Oil held its biggest gain in almost two weeks on optimism a more conciliatory approach on trade from the U.S. will help revive growth, but was still headed for a weekly drop amid persistent demand concerns.
Futures in New York were steady after closing up 1.2% Thursday. Washington and Beijing signed a phase-one trade deal on Wednesday, while the Senate passed the U.S.-Mexico-Canada free trade agreement a day later. A big jump in American oil-product stockpiles last week highlighted sluggish demand.
China pledged $52.4 billion in additional purchases of American energy over 2020 and 2021 in the agreement, although there was some scepticism in the market about whether it would be able to reach the target. Meanwhile, the International Energy Agency warned in its monthly report that supplies from Iraq, the Middle East’s second-biggest producer, are potentially vulnerable due to rising political risks in the country and broader region.
“The big mover for oil was the double whammy of positivity from the U.S.-China trade deal and the Senate passing the USMCA,” Stephen Innes, Asia Pacific market strategist at AxiTrader, said in a note. That “should provide a significant lift to the U.S. economy and give a boost to oil prices since the U.S. is the largest consumer of oil,” he said.
West Texas Intermediate crude for February delivery declined 2 cents to $58.50 a barrel on the New York Mercantile Exchange as of 11:16 a.m. in Singapore. It’s down 0.9% this week, set for the first back-to-back weekly drop since October.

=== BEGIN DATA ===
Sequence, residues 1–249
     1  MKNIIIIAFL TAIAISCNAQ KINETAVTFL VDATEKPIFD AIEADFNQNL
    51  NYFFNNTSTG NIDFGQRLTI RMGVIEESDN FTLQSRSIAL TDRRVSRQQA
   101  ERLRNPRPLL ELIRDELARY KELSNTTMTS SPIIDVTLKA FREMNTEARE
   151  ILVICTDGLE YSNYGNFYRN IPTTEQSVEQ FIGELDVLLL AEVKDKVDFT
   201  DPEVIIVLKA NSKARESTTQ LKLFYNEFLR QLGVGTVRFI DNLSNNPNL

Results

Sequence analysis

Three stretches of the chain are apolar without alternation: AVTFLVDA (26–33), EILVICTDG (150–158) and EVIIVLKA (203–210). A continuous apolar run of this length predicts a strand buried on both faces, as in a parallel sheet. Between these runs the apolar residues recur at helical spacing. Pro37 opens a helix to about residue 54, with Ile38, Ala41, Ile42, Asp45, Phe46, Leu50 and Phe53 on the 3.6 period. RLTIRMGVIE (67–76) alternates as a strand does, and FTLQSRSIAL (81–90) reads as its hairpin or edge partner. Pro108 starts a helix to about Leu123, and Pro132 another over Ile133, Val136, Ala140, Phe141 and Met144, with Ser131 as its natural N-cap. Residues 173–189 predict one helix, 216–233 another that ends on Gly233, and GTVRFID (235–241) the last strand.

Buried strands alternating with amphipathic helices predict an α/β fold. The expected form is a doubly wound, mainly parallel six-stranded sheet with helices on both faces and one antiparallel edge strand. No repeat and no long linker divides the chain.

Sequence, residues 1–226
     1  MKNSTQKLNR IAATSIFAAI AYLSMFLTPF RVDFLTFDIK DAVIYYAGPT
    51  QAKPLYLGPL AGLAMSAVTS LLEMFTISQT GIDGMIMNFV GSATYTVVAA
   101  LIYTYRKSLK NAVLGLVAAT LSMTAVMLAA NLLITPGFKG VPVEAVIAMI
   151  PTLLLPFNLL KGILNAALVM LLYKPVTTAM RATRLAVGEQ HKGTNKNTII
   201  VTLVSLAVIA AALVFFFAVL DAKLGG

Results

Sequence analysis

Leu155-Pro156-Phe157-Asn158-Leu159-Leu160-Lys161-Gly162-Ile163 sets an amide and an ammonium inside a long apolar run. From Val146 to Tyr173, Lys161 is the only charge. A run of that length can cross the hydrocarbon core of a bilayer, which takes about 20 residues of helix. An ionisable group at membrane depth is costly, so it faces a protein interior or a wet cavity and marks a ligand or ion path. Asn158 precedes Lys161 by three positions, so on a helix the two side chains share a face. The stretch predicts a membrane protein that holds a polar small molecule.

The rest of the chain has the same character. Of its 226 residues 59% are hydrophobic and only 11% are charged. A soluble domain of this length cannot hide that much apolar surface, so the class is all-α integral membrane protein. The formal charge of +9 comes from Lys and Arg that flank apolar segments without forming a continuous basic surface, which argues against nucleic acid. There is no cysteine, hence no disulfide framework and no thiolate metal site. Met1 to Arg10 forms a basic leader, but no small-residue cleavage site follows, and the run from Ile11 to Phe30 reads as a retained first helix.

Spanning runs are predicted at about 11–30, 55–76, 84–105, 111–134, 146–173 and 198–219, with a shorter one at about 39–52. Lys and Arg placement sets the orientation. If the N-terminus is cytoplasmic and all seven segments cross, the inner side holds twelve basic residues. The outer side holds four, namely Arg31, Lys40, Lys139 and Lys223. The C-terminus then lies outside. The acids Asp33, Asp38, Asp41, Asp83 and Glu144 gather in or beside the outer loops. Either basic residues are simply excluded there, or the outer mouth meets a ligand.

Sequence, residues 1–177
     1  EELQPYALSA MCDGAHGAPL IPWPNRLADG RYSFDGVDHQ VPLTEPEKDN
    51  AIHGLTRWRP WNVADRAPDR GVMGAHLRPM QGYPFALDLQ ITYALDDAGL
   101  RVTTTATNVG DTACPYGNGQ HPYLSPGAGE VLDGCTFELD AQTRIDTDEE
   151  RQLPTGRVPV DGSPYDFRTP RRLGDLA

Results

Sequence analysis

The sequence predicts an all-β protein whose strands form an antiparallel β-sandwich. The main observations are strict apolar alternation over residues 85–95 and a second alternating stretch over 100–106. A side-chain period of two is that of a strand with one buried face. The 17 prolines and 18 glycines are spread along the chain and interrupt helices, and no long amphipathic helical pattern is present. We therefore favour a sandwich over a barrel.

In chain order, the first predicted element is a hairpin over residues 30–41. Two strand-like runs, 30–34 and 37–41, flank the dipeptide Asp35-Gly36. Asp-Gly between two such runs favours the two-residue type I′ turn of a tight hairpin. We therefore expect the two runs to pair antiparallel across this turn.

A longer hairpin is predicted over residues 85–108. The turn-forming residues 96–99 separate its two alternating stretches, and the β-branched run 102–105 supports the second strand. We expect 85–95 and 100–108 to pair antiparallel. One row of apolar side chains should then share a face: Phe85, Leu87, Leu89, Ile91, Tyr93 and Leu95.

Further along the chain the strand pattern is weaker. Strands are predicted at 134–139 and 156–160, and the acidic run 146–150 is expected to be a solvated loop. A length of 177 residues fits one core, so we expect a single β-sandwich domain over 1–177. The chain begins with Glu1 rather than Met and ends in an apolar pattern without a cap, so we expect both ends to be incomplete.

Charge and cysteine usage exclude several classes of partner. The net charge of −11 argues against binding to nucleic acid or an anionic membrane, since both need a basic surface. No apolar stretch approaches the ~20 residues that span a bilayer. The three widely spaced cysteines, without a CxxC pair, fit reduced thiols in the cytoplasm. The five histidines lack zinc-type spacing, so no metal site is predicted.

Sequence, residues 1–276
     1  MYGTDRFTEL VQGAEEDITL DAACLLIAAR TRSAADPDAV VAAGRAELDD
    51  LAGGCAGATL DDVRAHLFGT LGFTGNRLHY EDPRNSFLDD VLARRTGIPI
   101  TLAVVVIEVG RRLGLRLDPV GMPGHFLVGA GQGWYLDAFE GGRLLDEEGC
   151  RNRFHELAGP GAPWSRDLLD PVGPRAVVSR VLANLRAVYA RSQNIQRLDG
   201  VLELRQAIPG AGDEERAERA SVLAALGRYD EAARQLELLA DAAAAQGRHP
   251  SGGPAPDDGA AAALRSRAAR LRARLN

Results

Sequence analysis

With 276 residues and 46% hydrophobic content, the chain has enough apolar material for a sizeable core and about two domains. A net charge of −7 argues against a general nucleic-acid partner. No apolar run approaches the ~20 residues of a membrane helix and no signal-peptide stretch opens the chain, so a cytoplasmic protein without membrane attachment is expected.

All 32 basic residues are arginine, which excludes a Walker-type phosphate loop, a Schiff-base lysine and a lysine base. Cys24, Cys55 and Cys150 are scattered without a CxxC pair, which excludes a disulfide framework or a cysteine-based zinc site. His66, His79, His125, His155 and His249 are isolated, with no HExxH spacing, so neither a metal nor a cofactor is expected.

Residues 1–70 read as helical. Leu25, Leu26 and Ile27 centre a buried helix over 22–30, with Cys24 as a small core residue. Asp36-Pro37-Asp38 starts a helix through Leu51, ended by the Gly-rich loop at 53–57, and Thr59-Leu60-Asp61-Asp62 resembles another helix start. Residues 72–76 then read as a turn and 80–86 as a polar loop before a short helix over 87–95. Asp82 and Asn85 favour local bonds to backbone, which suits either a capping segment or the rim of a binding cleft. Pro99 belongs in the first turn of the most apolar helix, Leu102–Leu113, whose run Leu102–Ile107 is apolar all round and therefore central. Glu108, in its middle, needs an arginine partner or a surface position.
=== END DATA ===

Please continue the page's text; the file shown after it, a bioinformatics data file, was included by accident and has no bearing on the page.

Brent for March settlement fell 1 cent to $64.61 on the ICE Futures Europe exchange after climbing 1% on Thursday. The contract has fallen 0.6% for the week. The global benchmark crude traded at a $6.08 premium to WTI for the same month.
China’s pledge to buy more U.S. energy looks challenging to meet, particularly if it leaves retaliatory tariffs on American oil and LNG in place. It’s also unclear to what extent the agreement — which leaves most of the duties imposed during the trade war — will revive global economic growth.
The IEA left is global crude demand forecast for 2020 unchanged at 1.2% and also kept its estimate for non-OPEC supply at similar levels. While the Organization of Petroleum Exporting Countries is sticking to an aggressive policy to cut output and prop up prices, there are concerns its efforts may prove fruitless amid rising production from countries outside the group.
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